Shas had been founded to restore the pride of Mizrahi Jews, who have a long tradition of pragmatism and religious moderation. But Shas leaders had long since come into the orbit of the Ashkenazi rabbis who dominate the yeshiva world — “Lithuanians,” in ultra-Orthodox parlance — and had drifted toward their model of unemployment, draft evasion and harsh interpretations of religious law. Shas leaders tended to send their children to Ashkenazi schools, which are generally considered more prestigious.The parents from Immanuel, looking for support, encountered a cold shoulder from Shas: The party of Mizrahi religious pride, it was clear, did not to want to rock the boat.
Amsalem, infuriated, broke ranks and publicly supported the parents. The case garnered intense media interest, and the Mizrahi parents won the legal battle.
Shas leaders, Amsalem said, had “betrayed their voters.”
“They served and still serve the Lithuanian Ashkenazi ultra-Orthodox ideology, and this ideology embraces discrimination,” he said.
His former party “once had a reason to exist, but failed. It was created first of all to fight discrimination. It did a thousand other things, but not that.”
The final break was not long in coming. Amsalem openly embraced the label “Zionist,” for example, claiming there was no contradiction between that and ultra-Orthodoxy.
“What is ultra-Orthodoxy? Just being a little more stringent in observing the law. They say, ‘You’re a Zionist, oy vey, oy vey.’ What’s the big deal?” he said. When he had his picture taken this week, Amsalem made sure his Israeli flag was in the frame.
The sweeping military exemption for yeshiva students — the key political issue for the ultra-Orthodox parties, which have termed it a “matter of life and death” — should be junked, he said. Students who excel at Torah studies should be allowed to learn; there are “very few” such students, he said. The rest must serve.
Behind Amsalem’s desk is a painted portrait of a white-bearded man in the traditional garb of a Middle Eastern rabbi. The man is his father, David Amsalem, a rabbi in Morocco and Algeria. His father, Amsalem says, was never paid for his rabbinic work and made his money in business. In his father’s eyes, Jewish learning and teaching were tasks done “for the sake of heaven.”
“For him, the combination of Torah and work was a way of life,” he said.
Increasing employment and military service among the ultra-Orthodox — about 10 percent of the population, by most estimates — it is one of the central planks of Am Shalem’s platform.
The most important thing the Jews of North Africa brought with them to Israel, he said, was ‘moderation’
The rabbi also calls for easing the conversion process for immigrants from the former Soviet Union. He argues that people who come from the “seed of Israel” — with Jewish ancestry but not a Jewish mother, as demanded by religious law — must be greeted with an approach that “eases their way and brings them closer” to Judaism.
His views led to his acrimonious expulsion from Shas at the end of 2010.
Amsalem is very much a product of the Israeli Orthodox world, and is a moderate by its standards. He says he believes “the people of Israel come before the land of Israel,” but defines himself as a “man of the right” and is a member of the pro-settlement lobby in the Knesset.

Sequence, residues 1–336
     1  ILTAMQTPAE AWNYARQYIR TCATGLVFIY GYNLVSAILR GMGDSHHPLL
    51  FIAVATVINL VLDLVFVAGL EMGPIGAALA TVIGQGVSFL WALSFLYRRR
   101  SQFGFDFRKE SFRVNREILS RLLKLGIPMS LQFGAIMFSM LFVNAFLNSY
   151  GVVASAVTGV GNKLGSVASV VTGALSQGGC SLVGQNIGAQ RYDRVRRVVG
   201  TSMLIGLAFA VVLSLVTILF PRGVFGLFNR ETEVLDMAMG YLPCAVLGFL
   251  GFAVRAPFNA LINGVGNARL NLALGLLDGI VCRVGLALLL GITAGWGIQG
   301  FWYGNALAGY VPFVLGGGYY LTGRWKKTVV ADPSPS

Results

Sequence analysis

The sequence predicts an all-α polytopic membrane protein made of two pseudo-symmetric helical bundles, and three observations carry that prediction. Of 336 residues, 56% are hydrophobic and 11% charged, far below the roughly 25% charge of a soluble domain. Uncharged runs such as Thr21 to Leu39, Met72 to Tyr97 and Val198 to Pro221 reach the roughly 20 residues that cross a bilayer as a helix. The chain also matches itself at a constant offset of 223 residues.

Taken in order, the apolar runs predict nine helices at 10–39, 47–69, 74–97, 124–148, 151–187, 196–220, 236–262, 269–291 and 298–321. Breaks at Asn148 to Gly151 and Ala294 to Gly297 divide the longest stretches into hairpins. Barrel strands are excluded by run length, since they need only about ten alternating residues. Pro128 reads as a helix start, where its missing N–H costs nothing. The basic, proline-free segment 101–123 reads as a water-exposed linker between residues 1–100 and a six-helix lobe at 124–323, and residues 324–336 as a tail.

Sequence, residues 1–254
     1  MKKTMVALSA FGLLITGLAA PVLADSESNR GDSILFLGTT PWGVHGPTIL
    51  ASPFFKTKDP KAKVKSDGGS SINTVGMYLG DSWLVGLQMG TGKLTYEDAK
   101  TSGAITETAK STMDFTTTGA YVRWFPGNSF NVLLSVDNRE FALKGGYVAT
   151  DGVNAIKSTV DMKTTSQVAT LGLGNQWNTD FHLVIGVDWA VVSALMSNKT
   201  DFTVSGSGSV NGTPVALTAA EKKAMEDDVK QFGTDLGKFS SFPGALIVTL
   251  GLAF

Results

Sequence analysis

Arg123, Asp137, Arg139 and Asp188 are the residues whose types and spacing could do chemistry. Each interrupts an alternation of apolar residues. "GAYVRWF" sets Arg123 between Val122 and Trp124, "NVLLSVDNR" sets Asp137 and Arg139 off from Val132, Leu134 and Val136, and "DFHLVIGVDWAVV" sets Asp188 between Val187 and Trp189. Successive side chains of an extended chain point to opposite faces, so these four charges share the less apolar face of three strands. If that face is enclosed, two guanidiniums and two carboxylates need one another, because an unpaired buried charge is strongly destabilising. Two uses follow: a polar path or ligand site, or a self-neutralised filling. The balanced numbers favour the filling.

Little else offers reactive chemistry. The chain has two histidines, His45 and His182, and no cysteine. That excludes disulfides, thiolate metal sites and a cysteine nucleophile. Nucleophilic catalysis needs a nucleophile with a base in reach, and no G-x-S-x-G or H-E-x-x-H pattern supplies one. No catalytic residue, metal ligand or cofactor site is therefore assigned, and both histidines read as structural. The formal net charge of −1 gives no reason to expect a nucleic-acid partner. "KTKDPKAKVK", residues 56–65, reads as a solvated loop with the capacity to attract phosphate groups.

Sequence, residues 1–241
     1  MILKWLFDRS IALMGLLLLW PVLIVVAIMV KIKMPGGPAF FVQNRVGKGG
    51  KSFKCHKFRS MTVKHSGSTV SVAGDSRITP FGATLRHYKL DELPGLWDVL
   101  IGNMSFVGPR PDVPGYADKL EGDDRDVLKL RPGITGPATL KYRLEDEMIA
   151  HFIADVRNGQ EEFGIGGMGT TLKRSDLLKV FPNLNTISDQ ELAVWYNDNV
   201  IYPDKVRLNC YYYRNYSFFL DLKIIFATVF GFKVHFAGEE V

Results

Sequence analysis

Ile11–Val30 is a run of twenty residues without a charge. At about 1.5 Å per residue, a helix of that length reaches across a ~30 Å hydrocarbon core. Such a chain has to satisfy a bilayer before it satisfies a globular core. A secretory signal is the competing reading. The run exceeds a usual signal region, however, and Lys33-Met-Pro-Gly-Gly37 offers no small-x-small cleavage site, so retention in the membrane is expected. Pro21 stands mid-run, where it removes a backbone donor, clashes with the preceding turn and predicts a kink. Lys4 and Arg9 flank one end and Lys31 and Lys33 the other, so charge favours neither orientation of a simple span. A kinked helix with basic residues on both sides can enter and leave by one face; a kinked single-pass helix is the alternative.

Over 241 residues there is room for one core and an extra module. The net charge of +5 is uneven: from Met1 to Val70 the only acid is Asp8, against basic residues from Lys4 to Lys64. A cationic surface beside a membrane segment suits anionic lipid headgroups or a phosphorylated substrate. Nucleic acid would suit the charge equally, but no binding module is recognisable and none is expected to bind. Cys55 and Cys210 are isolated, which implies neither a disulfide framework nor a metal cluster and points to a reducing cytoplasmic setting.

Neither is he a religious pluralist. Amsalem thinks Judaism needs a more inclusive Orthodoxy, not a rethinking of religious practice. He has little patience for non-Orthodox denominations. He believes women who wear prayer shawls at the Western Wall, for example, are committing a “provocation.”
Israelis have much to learn, he said, from the lost Jewish communities of North Africa. The rabbis there, he said, were smart enough to accept all Jews in their Orthodox communities, no matter their level of religious practice. Thus there were no Reform or Conservative communities, he said: “They weren’t needed.”
“You could be more stringent or less stringent, it didn’t matter. Everyone stayed in the community,” Amsalem said.
The most important thing the Jews of North Africa brought with them to Israel, he said, was “not baklava, or dancing, or any of this nonsense — it was moderation.”
But when North African rabbis arrived in Israel, he said, Israeli society “didn’t know enough to appreciate their wisdom.” Instead, Israeli Orthodoxy became so unforgiving it drove people away.
Amsalem says he is optimistic about his party’s prospects and claims he is “not flustered” by the attacks against him. But the past few years have clearly been difficult. The passages from Isaiah taped to the wall near his desk are an exhortation not to despair: One must suffer the “insults of men” — in this case, his former colleagues and friends, and, most painfully, his former patron Ovadia Yosef, still the most respected living rabbi for eastern Jews. Humans are transient, fodder for worms, the prophet says, but God’s salvation is eternal.
Amsalem said he finds additional support in the portrait of his father, who taught him this: “Stick to your truth and finish what you started. If you have to pay a price, pay a price. Your reward will come in the end.”
This is the first in a series of profiles of political players leading up to Israel’s national election on January 22, 2013.